On November 26, 1956, the Delahaye was registered in Paris, with plate number 3384 FN 75, under the name of Jean Escribe, a garage owner at 33 Raynouard Street Paris XVI. Most interestingly, the next owner, Daniel Roy Johnson, was a 40-year-old American from Minneapolis, Minnesota. He gave his address as Hotel Montalembert, on 3rd Montalembet Street Paris VII, and purchased the car on April 23, 1959. Mr. Johnson’s activities at that time are not known, but it is believed that the car stayed with him during his time in Europe, and it did not travel to the United States.
After Johnson, 47242 crossed over the French-Italian border and became the proverbial sleeping beauty, where it lay dormant for the next 40 years, reportedly near Lake Garda in Italy. In the late 1990s, chassis 47242 reemerged from its slumber, and news of its survival was announced when it was purchased by Christoph Grohe, of Geneva, from its caretaker, a garage owner in Brescia. Still largely complete, its sunroof had been closed over, but the mechanism for it remained under the sheet metal, and the original chassis plate, showing 47242, was still properly affixed to the firewall.
After finding a new owner here in the United States, the car was fully restored for concours display. Soon after its discovery, the car had been fitted with a post-war engine. As part of providing the Delahaye with the restoration it deserved, a correct, original, competition-specification engine was sourced and installed. The extremely rare engine reportedly came from within a few kilometers of the location where the car had lain for so many decades. Given this geographic proximity, its rarity, and the fact that the block has the correct date code for 1936, along with the special Solex carburetors, it is believed that this may, in fact, be the original unit.
All other mechanicals were fully rebuilt, the wooden skeleton was repaired in keeping with the level of craftsmanship displayed by Figoni et Falaschi, and the body was carefully prepped and painted to display the incredibly lustrous black finish found today. The interior was similarly restored, and it includes a racing-type tachometer and other blue-faced gauges, which are mounted in the beautifully engine-turned dash. The feature of the interior is the rich, red leather upholstery, which is inset with ostrich and surrounded by ornately carved polished wood trim.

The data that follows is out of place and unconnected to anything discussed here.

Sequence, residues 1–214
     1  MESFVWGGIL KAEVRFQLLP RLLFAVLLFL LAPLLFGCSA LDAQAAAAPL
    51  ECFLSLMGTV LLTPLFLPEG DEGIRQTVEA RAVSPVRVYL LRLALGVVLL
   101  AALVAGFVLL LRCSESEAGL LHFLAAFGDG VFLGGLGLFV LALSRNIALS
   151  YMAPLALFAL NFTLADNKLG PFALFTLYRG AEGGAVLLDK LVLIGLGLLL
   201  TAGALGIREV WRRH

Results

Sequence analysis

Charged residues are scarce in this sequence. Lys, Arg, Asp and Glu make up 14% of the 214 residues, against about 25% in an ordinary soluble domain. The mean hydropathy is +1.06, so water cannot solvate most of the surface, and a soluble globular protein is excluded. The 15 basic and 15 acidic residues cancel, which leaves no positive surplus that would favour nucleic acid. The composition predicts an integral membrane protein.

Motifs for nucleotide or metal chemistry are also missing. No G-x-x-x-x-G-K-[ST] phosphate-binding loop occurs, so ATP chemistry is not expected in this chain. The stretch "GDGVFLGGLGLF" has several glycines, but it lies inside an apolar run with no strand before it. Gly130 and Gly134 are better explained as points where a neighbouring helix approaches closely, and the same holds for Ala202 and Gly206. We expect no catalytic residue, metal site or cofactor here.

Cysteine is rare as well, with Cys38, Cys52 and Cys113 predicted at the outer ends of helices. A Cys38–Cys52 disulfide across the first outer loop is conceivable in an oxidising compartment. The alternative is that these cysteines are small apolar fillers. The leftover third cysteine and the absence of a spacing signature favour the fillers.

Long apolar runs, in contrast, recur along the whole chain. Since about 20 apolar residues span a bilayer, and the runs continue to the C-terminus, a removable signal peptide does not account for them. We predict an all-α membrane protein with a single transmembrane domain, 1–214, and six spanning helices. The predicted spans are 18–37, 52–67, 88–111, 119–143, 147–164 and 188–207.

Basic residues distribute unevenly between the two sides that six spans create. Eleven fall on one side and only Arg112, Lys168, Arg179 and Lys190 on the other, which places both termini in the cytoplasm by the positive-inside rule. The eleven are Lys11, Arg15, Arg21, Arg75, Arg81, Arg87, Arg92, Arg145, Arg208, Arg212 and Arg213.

The completed car debuted at the 2001 Pebble Beach Concours d’Elegance, where it garnered a class award. It has since been carefully maintained and admired in a collection with other exceptional motor cars of this caliber. In May 2013, the car reappeared on the show field and was awarded with the coveted Best of Show awards at the Concours d’ Elegance of Texas and the Celebration of Automobiles at the Indianapolis Motor Speedway; both awards were amazingly achieved within one week of each other. Documentation for this car includes a copy of a 1998 letter from Claude Figoni, in which he authenticates the body and provides the original delivery information, as well as photos of the car in its original “as-found” condition, proving the authenticity of its racing features.
Here is offered the best in 1930s competition engineering that has been transformed by Joseph Figoni’s sensitive eyes and artist hands into a voluptuous sculpture of leather, aluminum, and steel, with each element poised with the tense, shimmering excitement of a suspended teardrop.